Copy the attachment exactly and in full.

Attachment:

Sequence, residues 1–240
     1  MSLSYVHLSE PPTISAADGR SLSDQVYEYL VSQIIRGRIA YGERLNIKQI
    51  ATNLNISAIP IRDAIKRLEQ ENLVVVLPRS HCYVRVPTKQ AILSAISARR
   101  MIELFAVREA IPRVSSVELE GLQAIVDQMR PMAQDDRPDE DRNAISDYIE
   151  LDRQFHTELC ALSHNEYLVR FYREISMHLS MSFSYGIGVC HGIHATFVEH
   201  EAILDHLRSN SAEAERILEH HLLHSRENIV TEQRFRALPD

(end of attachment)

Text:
Sequence, residues 1–240
     1  MSLSYVHLSE PPTISAADGR SLSDQVYEYL VSQIIRGRIA YGERLNIKQI
    51  ATNLNISAIP IRDAIKRLEQ ENLVVVLPRS HCYVRVPTKQ AILSAISARR
   101  MIELFAVREA IPRVSSVELE GLQAIVDQMR PMAQDDRPDE DRNAISDYIE
   151  LDRQFHTELC ALSHNEYLVR FYREISMHLS MSFSYGIGVC HGIHATFVEH
   201  EAILDHLRSN SAEAERILEH HLLHSRENIV TEQRFRALPD